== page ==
Three’s Company’s Tom Crawshaw has been in action again, this time writing a script for a children’s theatre group. It’s The Chronicles of Arnica, which parodies … well, it involves four children being transported to a magical world by looking at a picture of a wardrobe in an Argos catalogue, where a magical lion called Asda is – have you guessed the parody yet? Anyway, the Wicked White Witch Queen controls Arnica by making it a blazing hot summer and always Christmas so no-one has a chance to organise rebellions or – you get the idea. It is unmistakably Tom Crawshaw’s humour, but without Three’s Company performing this it just wasn’t the same. Okay, it’s a children’s group from a small town so it’s not fair to expect miracles, and there were some good performances when you consider the age of the children, but it goes to show that there is more to Three’s Company than the writer. The good news is that Three’s Company proper will be back in action in Edinburgh doing what they do best: a new interactive farce named The World’s Greatest Walking Tour of Edinburgh, with the return of compulsory audience participation.
Finally, one of the more politicised plays was Kafka in the Sink. The clue here is the by-line of “So, we’re all in it together”, and the play unashamedly makes a statement about how people with mental disabilities are being affected by the cuts. It’s clearly an issue that writer Gavin Crippin feels strongly about – and, in credit, he manages to avoid the usual political theatre opening of: Act 1, Scene 1, the Prime Minister gets out of bed and says “Ha! Ha! Ha! How can I oppress the working class today?” – but in a bid to cover all of the points he wants to make, the play suffers as a story. I found it hard to latch on to any sort of narrative, and wasn’t sure whose story, if any, I was meant to be following. However, I was impressed with writing and acting of the people with mental disabilities, where they’d clearly done their homework. With a better balance of story and politics (you don’t have to put everything you want to say into one play) this play could work well.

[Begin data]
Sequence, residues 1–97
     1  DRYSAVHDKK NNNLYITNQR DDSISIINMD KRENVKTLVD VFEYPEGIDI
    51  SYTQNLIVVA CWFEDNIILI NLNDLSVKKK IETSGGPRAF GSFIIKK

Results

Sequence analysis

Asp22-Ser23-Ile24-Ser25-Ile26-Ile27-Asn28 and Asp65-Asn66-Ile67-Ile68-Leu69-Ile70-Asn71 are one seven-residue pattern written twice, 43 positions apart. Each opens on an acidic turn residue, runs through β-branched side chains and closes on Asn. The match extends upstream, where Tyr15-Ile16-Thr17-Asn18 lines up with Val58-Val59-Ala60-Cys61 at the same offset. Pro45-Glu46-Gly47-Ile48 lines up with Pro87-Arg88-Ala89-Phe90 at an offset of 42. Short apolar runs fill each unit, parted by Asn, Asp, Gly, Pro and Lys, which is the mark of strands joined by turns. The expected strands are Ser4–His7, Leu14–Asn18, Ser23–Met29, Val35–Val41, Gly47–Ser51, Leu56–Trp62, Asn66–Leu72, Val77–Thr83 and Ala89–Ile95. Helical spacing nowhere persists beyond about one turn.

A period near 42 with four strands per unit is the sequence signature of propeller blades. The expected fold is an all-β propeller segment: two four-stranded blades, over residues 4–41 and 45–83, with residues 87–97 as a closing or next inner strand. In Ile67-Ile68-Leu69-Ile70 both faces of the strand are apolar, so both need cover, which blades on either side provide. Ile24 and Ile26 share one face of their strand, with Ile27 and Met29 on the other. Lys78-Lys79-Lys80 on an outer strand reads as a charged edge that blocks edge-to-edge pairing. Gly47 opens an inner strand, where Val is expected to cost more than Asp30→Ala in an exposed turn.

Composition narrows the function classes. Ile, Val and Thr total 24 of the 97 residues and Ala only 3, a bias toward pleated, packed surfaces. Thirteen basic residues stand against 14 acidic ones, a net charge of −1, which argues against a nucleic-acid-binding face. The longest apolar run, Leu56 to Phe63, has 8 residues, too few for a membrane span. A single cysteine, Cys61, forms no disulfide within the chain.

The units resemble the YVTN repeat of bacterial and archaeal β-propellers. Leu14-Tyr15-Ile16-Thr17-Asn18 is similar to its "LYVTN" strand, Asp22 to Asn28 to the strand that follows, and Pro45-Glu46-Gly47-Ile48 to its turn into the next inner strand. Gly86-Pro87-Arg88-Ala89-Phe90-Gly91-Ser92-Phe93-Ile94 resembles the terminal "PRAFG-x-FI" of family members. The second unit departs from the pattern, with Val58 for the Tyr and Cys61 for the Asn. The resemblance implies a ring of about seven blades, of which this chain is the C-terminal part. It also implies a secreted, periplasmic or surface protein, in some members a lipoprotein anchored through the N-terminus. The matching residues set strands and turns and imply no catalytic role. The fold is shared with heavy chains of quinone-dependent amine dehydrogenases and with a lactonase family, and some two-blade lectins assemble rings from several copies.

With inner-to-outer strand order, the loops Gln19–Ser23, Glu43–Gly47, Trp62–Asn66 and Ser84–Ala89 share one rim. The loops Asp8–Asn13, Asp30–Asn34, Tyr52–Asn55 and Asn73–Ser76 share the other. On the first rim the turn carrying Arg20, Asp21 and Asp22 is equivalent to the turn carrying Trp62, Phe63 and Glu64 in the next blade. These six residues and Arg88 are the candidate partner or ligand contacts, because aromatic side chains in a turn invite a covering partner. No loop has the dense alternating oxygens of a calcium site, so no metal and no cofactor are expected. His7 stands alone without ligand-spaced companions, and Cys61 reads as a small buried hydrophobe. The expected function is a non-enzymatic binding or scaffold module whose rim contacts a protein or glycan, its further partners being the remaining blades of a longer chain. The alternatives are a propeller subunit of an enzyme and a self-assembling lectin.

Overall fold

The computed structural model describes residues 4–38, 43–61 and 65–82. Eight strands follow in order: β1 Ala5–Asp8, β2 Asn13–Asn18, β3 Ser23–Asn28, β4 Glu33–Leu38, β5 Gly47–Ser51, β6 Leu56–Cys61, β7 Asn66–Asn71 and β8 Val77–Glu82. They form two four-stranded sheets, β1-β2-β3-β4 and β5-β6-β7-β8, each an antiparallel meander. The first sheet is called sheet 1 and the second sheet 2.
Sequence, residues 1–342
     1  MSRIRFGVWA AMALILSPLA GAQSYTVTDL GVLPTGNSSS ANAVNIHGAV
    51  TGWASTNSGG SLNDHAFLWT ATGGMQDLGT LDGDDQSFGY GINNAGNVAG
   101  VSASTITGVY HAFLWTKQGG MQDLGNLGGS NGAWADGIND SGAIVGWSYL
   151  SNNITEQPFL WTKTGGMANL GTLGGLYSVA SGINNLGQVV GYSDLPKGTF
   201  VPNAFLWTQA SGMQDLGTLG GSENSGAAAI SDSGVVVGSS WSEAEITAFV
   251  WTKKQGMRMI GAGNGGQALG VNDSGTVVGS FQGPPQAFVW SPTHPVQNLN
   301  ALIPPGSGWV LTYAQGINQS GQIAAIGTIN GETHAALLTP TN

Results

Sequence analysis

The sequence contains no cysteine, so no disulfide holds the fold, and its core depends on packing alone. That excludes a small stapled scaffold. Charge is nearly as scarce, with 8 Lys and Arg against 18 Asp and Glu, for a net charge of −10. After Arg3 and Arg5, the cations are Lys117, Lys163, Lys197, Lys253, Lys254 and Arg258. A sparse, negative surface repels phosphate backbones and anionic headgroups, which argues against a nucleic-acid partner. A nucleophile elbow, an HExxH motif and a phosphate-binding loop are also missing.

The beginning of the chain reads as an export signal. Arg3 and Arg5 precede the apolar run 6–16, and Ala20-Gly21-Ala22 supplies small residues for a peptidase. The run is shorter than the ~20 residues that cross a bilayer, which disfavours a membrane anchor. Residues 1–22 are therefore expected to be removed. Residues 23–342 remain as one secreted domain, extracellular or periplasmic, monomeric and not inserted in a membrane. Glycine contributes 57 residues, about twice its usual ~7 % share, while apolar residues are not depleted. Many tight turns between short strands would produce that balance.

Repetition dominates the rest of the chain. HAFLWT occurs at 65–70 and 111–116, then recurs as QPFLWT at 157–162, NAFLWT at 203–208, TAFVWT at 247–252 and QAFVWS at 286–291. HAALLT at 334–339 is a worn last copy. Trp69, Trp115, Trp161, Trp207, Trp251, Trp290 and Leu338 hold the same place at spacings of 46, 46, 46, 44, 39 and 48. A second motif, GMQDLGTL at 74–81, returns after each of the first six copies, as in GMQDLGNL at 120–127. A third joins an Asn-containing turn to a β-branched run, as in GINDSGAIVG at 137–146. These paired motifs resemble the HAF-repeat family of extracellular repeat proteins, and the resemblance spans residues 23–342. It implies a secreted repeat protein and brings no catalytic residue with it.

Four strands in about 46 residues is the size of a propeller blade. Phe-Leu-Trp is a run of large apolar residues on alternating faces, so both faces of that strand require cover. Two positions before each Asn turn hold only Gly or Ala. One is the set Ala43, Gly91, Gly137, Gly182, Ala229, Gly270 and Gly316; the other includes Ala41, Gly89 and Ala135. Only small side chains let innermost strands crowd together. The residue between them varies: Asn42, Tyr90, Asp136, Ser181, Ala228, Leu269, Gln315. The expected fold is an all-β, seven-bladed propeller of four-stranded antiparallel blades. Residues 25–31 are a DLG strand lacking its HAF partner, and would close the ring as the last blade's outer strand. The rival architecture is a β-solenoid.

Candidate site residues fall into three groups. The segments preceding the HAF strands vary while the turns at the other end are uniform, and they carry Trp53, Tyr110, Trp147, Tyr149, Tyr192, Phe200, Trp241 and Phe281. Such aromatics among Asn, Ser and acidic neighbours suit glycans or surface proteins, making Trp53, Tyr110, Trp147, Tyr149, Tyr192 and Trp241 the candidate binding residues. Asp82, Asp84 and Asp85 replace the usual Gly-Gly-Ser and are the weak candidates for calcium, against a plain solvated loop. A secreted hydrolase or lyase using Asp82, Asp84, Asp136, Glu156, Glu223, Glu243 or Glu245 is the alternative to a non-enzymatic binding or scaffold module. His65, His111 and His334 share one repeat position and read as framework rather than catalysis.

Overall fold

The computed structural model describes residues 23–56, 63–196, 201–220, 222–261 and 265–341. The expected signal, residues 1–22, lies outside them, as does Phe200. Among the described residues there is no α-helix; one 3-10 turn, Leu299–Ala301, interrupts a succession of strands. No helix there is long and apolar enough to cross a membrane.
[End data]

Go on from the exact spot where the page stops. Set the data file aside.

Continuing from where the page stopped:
One other thought:
Normally my roundups are just reviews. This time, however, I have a thought about where the Buxton Fringe is going in general.
Although the Edinburgh, Brighton and Buxton Fringes are all open-access festivals, the venues are not open-access. They only have a finite number of performances spaces and have to decide which groups to accept. The problem is that there are few “super-venues” (chains of venues such as C, Underbelly, Pleasance) which between them could have a big influence on what can actually make it to Edinburgh. Whether they actually do make a difference is up for debate.
But at the Buxton Fringe, there is now only one super-venue, which is Underground Venues. They only have three spaces (two in a hotel basement and one in an arts centre), but that accounts for the majority of theatre in the Fringe. And there’s a vicious circle emerging here: Undergound Venues are getting the better plays, therefore everybody want to perform there, leaving the other venues with the shows Underground doesn’t want, and so on. And Underground Venues is run by the same people who run Three’s Company. We could end up in the situation where Three’s Company becomes the De Facto vetting committee for the Buxton Fringe, which would defeat the object of the Fringe.
Of course, it’s hardly fair to blame Underground Venues for being successful. And, credit where it is due, they have behaved themselves with their dominant position. They have not tried to filter the content of the Fringe to any particular style of theatre, they are not unfairly promoting their own productions above others, and as far as I can tell, they are not advantaging any particular clique. But no group of individuals, however trustworthy, should even have the capability to misbehave this way. There’s no guarantee that their successors won’t abuse their new-found power, and it’s not fair on the people currently in charge to be open to accusations of misusing their positions.
I don’t think that Underground should be downsized or broken up – that would be daft as they are virtually running the theatre side of the Fringe at the moment – but I do wish there was something to counter-balance the venues. Until two years ago there was a tent next to Poole’s Cavern doing just that, but now this has gone. Buxton Community School has a ready-made venue in the form of its drama studio which it is hardly using, and that is really frustrating as you could really put on a decent programme there. Someone, surely, must be in a position to set up a new proper venue. The Buxton Fringe is too important to leave in the hands of a few people, however responsible, and this is a challenge that the Buxton Fringe Committee needs to look at.
Anyway, that’s your lot from Buxton. Coming soon, the big one: the Edinburgh Fringe round up.